Good news! Achievement gaps are closing, according to a new report from the National Center for Education Statistics (NCES). Nationwide, since the early 1990s the achievement gap between black and white public school students has narrowed at both the 4th and 8th grades in math, and at the 4th grade in reading. Of course an
The Star-Ledger, a New Jersey newspaper, reports that low-income New Jersey children who attended preschool performed better in school. “The percentage of kids who had to repeat kindergarten or first grade was twice as high for those who did not attend preschool, as it was for those who started at age 3,” the paper reported.
Test results came out for some of our local schools recently. Washington, D.C. public school scores were up, especially in the elementary grades. Preliminary results showed an eight-percentage point and a four-percentage point gain for elementary students who were deemed “proficient” in math and reading, respectively. So are these gains good news? Always! But school board members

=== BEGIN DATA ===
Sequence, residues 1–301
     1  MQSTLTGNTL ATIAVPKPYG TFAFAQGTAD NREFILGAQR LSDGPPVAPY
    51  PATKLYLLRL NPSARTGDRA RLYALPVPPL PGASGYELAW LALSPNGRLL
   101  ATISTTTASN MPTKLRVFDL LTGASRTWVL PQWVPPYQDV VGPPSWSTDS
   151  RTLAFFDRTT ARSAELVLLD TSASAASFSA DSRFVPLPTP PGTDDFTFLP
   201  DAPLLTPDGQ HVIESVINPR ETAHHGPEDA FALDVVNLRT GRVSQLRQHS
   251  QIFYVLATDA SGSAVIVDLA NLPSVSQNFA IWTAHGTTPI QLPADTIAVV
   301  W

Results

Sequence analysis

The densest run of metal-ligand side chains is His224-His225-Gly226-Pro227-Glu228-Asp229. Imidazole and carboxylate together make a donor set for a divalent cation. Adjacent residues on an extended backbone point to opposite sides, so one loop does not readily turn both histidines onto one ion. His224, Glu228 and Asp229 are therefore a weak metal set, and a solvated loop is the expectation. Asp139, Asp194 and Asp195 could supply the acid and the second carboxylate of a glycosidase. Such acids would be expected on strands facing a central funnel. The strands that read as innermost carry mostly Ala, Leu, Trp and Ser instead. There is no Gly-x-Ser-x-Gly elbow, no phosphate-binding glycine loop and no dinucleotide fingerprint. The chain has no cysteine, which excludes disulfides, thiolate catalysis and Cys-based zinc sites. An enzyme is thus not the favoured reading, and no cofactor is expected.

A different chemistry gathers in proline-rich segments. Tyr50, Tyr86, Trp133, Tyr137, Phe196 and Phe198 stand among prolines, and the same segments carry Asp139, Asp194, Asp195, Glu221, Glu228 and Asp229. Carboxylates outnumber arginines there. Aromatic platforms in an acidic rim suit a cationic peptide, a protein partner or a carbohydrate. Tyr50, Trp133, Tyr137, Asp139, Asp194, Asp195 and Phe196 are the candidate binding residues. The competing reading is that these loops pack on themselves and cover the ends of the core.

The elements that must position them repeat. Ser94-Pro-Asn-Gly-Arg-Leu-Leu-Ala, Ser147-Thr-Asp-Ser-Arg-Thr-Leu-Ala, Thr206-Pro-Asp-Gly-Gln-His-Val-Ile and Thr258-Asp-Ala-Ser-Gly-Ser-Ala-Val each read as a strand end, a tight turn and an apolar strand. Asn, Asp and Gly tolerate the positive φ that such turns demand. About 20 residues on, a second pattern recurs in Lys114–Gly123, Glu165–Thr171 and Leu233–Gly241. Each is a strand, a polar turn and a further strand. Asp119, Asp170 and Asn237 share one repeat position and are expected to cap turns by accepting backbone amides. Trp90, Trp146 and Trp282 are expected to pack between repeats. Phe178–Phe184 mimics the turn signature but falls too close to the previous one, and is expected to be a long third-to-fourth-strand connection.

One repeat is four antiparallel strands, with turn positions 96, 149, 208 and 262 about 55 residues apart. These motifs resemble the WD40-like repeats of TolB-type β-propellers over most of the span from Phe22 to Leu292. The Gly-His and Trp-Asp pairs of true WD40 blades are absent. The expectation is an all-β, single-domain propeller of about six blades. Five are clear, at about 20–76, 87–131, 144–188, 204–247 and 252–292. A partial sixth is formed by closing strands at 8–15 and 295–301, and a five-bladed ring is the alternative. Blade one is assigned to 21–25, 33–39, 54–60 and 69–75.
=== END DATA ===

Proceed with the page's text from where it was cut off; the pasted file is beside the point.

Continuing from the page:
Since his appointment to the U.S. Department of Education, Secretary Duncan has been speaking out in support of pay for teacher performance. What is his evidence that teachers are performing well? Student achievement. But does paying teachers more money really increase student achievement? Well, sometimes. A little. The Center’s new guide called “Promise or Peril?
Earlier this week the Southern Regional Education Board (SREB) released a new report, Keeping Middle Grades Students on the Path to Success in High School. The report highlights the challenge states are facing in preparing middle school students for high school. Although the report focused on the sixteen SREB states, the results are indicative of the